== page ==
Graeme’s story: Helping visually impaired tennis to thrive in the north east
• 3 MINUTE READ
Graeme Manwell (pictured above on the left) is the chairman of North East Visually Impaired Tennis Club. It’s a club that is thriving amid a surge in the popularity of tennis for people who are blind or partially sighted.
Despite his commitments as chair of the club, he is involved in several aspects beyond just its operation, from coaching to assisting in many other vital areas. Graeme is heavily involved in organising and delivering the annual visually impaired tennis tournament in the north east that form’s part of the Tennis Foundation’s series of regional tournaments and which set a new record for entries this year.
Graeme also drives players to other regional tournaments throughout the UK because many of the players cannot drive due to their impairment – including a mammoth trip to Brighton and back earlier this year. The amount of extra hours and dedication Graeme puts in volunteering for the club is truly extraordinary.
Graeme is a man highly respected in the area, but he doesn’t do it for that. He does this work because of the impact it has in giving people an opportunity within tennis.
“I've worked in tennis for about 25 years with my association through tennis clubs,” he explained.
“I’m fanatical about tennis, and I was very much interested in the disability side of our sport and finding out about visually impaired tennis.
“They now get to travel around the country to compete, train and meet new people. It's as much about the social side of it; as it is the tennis. Our sessions are more than tennis, it's two hours of playing tennis and two hours of socialising afterwards.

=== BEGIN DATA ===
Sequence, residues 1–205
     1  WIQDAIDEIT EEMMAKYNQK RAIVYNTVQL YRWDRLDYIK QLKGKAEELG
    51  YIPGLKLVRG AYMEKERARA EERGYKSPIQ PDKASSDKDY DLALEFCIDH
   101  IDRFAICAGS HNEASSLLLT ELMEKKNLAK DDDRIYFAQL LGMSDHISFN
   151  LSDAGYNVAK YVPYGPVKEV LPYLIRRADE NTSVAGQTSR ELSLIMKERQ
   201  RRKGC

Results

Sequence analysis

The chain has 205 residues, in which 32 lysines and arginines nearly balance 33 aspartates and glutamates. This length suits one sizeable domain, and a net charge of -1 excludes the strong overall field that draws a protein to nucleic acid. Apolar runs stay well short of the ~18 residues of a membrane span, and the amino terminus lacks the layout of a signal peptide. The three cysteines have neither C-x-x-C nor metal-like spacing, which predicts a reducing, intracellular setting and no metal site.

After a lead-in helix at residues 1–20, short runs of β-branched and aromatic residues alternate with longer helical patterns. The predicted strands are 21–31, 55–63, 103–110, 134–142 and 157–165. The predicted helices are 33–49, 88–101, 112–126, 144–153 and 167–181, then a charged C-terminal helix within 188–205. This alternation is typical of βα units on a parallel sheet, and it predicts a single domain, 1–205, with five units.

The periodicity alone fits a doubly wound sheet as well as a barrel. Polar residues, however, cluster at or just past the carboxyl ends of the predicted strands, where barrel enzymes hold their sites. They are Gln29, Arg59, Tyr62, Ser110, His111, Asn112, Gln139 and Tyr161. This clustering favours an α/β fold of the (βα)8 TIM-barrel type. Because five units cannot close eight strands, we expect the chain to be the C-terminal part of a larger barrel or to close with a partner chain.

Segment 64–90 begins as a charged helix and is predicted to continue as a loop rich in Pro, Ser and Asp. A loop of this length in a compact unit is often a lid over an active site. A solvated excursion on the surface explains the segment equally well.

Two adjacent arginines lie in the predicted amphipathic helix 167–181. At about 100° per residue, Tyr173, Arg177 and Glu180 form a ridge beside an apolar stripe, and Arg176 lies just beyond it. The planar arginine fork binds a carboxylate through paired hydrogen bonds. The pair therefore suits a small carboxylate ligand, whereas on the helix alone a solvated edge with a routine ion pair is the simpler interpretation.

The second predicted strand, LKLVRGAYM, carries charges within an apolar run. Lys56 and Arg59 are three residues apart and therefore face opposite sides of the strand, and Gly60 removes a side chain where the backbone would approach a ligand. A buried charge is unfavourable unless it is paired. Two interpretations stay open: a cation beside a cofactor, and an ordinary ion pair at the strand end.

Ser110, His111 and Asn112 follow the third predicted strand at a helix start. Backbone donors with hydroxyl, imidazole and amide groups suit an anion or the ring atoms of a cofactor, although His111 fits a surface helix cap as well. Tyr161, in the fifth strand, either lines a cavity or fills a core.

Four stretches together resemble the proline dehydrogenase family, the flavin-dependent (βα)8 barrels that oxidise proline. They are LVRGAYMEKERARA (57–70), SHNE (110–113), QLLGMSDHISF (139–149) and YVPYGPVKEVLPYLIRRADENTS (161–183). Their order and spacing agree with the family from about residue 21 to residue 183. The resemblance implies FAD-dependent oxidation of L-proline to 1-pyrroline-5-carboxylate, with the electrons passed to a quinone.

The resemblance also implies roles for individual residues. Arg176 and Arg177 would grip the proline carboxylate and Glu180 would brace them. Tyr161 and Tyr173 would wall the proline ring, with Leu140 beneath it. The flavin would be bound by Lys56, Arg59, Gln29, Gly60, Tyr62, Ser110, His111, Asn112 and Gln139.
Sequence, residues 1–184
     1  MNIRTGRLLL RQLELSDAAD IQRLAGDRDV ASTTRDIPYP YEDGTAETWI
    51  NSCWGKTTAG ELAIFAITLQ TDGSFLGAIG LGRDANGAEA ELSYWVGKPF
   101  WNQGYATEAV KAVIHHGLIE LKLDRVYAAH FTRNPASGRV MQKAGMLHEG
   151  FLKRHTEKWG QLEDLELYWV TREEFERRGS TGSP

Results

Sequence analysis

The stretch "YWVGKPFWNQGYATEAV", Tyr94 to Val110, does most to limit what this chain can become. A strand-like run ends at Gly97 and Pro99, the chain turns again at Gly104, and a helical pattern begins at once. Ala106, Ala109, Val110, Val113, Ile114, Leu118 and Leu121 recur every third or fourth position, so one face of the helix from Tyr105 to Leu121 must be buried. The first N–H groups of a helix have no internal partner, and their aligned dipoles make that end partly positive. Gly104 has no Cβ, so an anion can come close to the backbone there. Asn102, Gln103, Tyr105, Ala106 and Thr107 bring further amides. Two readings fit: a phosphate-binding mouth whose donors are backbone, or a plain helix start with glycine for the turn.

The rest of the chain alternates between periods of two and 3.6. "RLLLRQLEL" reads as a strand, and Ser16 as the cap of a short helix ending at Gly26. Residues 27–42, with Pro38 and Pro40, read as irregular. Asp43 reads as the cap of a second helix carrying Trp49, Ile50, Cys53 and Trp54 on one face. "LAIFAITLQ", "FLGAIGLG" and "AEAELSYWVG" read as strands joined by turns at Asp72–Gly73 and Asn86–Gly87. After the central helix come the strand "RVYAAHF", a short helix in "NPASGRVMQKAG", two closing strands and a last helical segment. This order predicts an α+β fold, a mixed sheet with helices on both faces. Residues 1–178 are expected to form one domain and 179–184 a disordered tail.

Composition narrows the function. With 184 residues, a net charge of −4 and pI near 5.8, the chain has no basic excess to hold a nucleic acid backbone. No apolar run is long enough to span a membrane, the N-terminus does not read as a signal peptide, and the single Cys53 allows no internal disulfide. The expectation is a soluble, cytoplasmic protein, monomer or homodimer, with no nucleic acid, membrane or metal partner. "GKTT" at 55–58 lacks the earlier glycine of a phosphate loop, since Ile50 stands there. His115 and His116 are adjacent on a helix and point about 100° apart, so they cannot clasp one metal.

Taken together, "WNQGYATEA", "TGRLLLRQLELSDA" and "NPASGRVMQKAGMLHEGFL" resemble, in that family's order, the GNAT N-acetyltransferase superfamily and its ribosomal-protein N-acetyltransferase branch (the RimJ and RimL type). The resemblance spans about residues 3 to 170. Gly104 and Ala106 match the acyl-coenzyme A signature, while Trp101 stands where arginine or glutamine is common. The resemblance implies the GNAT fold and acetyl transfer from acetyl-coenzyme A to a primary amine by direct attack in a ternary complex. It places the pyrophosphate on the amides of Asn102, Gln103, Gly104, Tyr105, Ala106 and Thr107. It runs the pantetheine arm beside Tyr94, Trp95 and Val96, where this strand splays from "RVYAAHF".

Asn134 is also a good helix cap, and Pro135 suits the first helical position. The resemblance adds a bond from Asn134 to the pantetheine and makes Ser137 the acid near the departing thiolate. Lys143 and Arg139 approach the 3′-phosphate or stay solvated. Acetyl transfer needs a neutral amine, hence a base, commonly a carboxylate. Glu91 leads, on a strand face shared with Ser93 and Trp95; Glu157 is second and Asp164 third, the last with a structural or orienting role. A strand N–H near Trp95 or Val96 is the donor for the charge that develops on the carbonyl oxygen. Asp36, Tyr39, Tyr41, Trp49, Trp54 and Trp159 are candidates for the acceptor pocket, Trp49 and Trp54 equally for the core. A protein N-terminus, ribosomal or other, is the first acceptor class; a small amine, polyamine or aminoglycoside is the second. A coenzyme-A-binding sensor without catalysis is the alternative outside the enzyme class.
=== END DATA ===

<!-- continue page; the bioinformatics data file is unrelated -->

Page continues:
“Through tennis we have been able to get other club functions going; things like ten pin bowling. It's been a real social exercise for our visually impaired members.”
In light of all his hard work, Graeme was awarded the ‘Gordon Brewis Service to Tennis Award' at the 2018 Northumberland LTA Awards. The award has been running since 2005 and this is the first time an individual connected with disability tennis has won the award, highlighting just how much work he does.
“I was incredibly proud of that recognition,” he beamed. “I knew Gordon Brewis personally, he was a great guy and so enthusiastic about tennis, that made this award so much more special.
“Just looking at some of the other names on the trophy who have won it, it's been lovely to be associated in the same word of mouth that they have been. It's a huge accolade and something I have been very proud of.
“It’s the North East Visually Impaired Tennis Club which have really won the award because as a large club in Newcastle we have been a talking point about how keen players are to get involved. The Northumberland Club also have very much welcomed us as part of their club which is quite unique to have a club which is supporting disability sport as well as they do.”
The work carried out by Graeme and his colleagues is supported by the Tennis Foundation, Great Britain’s leading tennis charity.
“Working with them has been absolutely fantastic,” he explained.
“Since the Tennis Foundation has come on board it's come on leaps and bounds. There's now a points system for visually impaired players and our players are travelling. They've competed in Brighton and London and they feel as if they're playing a proper sport, at a proper level, which is fantastic for the sport.”